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Press Censorship in Turkey: Cartoons illustrate lack of press freedom in Turkey - by Mirjam Keunen

In Turkey, prosecution for insulting the nation is almost an occupational hazard for journalists and cartoonists. 

A number of provocative Turkish cartoons are on display at an exhibition in the Netherlands.

 Afterwards the organizers hope an internet auction will raise money to cover the legal costs for these controversial court cases.

Turkish prime minister Recep Tayyip Erdogan has a poor sense of humour. In recent years, he has taken many a cartoonist to court. But the deluge of court cases has not stopped the illustrators from mocking the lack of press freedom in the country.

In one cartoon, Sefer Selvi draws the prime minister, dressed in hunting gear, shooting at one of the newspapers he has taken to court. His dog tears up another copy.

"As soon as cartoonists raise taboos like the division between church and state, the army, the Armenian genocide and Atatürk, the founder of the republic of Turkey - the government intervenes," says freelance journalist Mehmet Ülger, chairman of Röportaj, a Dutch organization promoting press freedom in Turkey.

 He organized the exhibition The power of the imagination, which opens in the Press Museum in Amsterdam on 29 January. The murder of publicist and journalist Hrant Dink in 2007 was reason to breathe new life into the organisation, set up in 1996 as a bridge between journalists in the Netherlands and Turkey.

On his computer, there's a cartoon by Sefer Selvi in which prime minister Erdogan paints a circle around a dumbfounded journalist, saying: "If you want to write news, then you have to keep inside the line".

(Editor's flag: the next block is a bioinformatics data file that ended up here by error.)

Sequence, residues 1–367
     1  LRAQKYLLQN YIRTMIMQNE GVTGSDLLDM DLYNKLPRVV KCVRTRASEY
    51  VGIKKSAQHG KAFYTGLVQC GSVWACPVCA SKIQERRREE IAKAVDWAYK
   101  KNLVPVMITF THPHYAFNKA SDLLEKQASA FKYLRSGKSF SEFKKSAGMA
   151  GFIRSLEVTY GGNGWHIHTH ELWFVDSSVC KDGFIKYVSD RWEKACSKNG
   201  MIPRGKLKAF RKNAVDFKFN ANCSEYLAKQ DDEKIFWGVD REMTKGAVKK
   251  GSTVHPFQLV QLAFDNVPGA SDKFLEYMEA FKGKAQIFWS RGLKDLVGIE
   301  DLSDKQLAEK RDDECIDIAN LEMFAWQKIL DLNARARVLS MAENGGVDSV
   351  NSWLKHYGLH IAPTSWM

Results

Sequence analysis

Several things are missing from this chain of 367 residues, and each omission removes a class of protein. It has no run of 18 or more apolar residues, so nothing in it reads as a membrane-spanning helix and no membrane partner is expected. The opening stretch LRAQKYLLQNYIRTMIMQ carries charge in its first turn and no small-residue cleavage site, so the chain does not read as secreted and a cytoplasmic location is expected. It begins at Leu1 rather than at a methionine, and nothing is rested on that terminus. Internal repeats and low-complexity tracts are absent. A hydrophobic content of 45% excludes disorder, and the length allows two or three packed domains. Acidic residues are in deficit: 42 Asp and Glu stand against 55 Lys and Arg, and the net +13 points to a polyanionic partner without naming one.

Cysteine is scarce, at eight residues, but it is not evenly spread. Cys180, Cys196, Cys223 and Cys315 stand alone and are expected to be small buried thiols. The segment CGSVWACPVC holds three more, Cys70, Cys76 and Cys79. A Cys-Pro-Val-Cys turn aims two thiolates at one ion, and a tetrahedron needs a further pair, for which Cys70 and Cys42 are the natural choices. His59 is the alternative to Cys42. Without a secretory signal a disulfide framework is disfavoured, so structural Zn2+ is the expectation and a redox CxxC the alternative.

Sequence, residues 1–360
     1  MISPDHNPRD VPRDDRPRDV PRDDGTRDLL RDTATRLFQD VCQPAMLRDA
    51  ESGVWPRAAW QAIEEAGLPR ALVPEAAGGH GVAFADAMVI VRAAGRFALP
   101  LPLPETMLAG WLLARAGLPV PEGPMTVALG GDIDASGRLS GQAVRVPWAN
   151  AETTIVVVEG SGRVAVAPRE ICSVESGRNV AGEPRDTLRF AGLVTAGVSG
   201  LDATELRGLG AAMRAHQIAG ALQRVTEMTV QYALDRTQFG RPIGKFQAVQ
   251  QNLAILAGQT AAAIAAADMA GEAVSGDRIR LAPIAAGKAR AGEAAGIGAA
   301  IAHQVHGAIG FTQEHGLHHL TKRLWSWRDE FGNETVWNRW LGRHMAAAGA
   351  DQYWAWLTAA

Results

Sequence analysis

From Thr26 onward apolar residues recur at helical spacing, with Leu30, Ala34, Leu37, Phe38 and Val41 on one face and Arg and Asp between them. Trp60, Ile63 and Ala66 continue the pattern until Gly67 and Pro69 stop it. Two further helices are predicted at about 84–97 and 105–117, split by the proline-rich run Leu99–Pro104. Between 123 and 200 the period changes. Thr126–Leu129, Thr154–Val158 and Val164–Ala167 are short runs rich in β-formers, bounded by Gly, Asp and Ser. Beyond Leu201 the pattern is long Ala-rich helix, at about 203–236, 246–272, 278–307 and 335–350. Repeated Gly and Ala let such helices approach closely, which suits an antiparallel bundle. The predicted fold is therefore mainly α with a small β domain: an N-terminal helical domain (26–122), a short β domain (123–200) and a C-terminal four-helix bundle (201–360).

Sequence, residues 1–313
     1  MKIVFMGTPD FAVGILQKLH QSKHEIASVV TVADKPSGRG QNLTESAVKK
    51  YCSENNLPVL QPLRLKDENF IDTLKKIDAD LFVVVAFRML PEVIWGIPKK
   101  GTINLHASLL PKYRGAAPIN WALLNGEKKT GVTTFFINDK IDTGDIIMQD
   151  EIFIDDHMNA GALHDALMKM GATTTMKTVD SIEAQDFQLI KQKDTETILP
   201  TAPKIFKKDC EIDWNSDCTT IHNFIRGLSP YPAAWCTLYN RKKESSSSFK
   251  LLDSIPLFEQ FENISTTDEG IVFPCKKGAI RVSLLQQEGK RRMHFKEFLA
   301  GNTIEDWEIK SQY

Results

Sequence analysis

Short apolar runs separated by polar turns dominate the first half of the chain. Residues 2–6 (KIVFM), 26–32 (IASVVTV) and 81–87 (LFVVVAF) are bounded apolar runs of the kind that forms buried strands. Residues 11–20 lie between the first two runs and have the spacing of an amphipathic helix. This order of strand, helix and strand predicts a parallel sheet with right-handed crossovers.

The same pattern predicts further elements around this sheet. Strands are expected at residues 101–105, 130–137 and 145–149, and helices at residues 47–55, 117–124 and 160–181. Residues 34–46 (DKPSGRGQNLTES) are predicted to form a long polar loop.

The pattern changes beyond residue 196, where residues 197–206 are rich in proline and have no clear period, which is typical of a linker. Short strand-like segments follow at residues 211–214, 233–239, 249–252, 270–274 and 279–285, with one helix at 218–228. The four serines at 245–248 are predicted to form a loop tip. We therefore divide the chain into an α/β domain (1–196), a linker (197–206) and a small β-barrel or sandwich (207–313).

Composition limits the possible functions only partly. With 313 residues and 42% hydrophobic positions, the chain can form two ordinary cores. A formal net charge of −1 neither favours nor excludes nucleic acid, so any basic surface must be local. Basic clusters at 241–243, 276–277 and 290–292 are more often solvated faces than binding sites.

Ülger: "Since 2004 Turkey has had media legislation guaranteeing freedom of the press, as part of the deal for Turkey's accession to the European Union. But press freedom has only improved on paper. Turkey is one of the few countries to protect sources by law. But this doesn't happen in practice. Even the prime minister takes journalists to court."

There have been cases in the Netherlands in which press freedom has come under pressure. Several years ago, Dutch prime minister Jan Peter Balkenende demanded rectification when an imaginary speech by him on Islam was printed in weekly magazine Opinio.

In May 2008, a Dutch cartoonist with the pseudonym Gregorius Nekschot spent the night in a cell for allegedly discriminating against Muslims in his cartoons. Ülger was surprised by the events. "I don't agree with the tenor of the cartoons, but Nekschot has the right to draw what he likes."

In the past years, charges were brought against Turkish journalists and cartoonists at least 190 times. As a result the media are cautious about what they publish, otherwise they risk losing government advertising, the right to accreditation or a press card and being investigated. Only a few media become recalcitrant.

Ülger: "There is a lot of self-censorship, but now and then risks are taken. If there is a lot of publicity around a case, the authorities do not intervene straight away. Sometimes a year goes by before action is taken."

Cartoons illustrate lack of press freedom in Turkey - archief

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